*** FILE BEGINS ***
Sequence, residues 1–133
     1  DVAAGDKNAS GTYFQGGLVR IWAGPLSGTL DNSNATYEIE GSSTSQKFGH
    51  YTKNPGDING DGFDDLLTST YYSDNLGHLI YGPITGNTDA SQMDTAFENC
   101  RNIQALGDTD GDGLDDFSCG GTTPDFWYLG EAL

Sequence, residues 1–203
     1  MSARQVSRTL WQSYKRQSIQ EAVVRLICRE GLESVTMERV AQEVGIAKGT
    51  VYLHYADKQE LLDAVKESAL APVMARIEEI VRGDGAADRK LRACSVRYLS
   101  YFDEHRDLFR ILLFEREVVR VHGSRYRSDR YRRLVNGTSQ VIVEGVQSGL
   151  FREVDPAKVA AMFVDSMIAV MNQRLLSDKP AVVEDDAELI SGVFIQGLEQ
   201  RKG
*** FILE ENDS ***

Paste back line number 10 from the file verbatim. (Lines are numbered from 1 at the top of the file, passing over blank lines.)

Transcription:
   201  RKG